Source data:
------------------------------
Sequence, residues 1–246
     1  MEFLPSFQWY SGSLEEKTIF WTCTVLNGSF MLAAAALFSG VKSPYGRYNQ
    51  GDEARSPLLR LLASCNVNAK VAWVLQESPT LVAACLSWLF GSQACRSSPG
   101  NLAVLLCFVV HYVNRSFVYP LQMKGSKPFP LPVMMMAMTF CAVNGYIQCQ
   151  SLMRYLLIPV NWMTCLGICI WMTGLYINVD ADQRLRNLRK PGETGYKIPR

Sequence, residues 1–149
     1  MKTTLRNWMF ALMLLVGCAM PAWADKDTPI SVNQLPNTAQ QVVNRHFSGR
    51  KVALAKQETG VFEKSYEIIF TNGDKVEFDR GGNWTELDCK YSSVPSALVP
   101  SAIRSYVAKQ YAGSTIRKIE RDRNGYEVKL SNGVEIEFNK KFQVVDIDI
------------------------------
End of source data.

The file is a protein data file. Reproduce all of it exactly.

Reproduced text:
Sequence, residues 1–246
     1  MEFLPSFQWY SGSLEEKTIF WTCTVLNGSF MLAAAALFSG VKSPYGRYNQ
    51  GDEARSPLLR LLASCNVNAK VAWVLQESPT LVAACLSWLF GSQACRSSPG
   101  NLAVLLCFVV HYVNRSFVYP LQMKGSKPFP LPVMMMAMTF CAVNGYIQCQ
   151  SLMRYLLIPV NWMTCLGICI WMTGLYINVD ADQRLRNLRK PGETGYKIPR

Sequence, residues 1–149
     1  MKTTLRNWMF ALMLLVGCAM PAWADKDTPI SVNQLPNTAQ QVVNRHFSGR
    51  KVALAKQETG VFEKSYEIIF TNGDKVEFDR GGNWTELDCK YSSVPSALVP
   101  SAIRSYVAKQ YAGSTIRKIE RDRNGYEVKL SNGVEIEFNK KFQVVDIDI